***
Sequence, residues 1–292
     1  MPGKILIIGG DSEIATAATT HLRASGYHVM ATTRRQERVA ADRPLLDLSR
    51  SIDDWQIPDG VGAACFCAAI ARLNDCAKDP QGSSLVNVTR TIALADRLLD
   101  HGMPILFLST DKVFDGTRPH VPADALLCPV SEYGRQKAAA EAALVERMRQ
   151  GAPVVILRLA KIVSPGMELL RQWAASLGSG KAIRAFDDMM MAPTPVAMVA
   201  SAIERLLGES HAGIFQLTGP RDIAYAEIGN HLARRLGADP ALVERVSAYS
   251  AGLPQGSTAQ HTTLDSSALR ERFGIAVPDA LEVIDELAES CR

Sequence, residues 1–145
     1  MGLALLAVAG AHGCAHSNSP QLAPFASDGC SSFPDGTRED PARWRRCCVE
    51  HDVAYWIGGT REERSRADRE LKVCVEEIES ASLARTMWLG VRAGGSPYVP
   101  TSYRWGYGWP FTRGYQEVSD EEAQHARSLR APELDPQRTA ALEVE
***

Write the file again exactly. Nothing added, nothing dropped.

Sequence, residues 1–292
     1  MPGKILIIGG DSEIATAATT HLRASGYHVM ATTRRQERVA ADRPLLDLSR
    51  SIDDWQIPDG VGAACFCAAI ARLNDCAKDP QGSSLVNVTR TIALADRLLD
   101  HGMPILFLST DKVFDGTRPH VPADALLCPV SEYGRQKAAA EAALVERMRQ
   151  GAPVVILRLA KIVSPGMELL RQWAASLGSG KAIRAFDDMM MAPTPVAMVA
   201  SAIERLLGES HAGIFQLTGP RDIAYAEIGN HLARRLGADP ALVERVSAYS
   251  AGLPQGSTAQ HTTLDSSALR ERFGIAVPDA LEVIDELAES CR

Sequence, residues 1–145
     1  MGLALLAVAG AHGCAHSNSP QLAPFASDGC SSFPDGTRED PARWRRCCVE
    51  HDVAYWIGGT REERSRADRE LKVCVEEIES ASLARTMWLG VRAGGSPYVP
   101  TSYRWGYGWP FTRGYQEVSD EEAQHARSLR APELDPQRTA ALEVE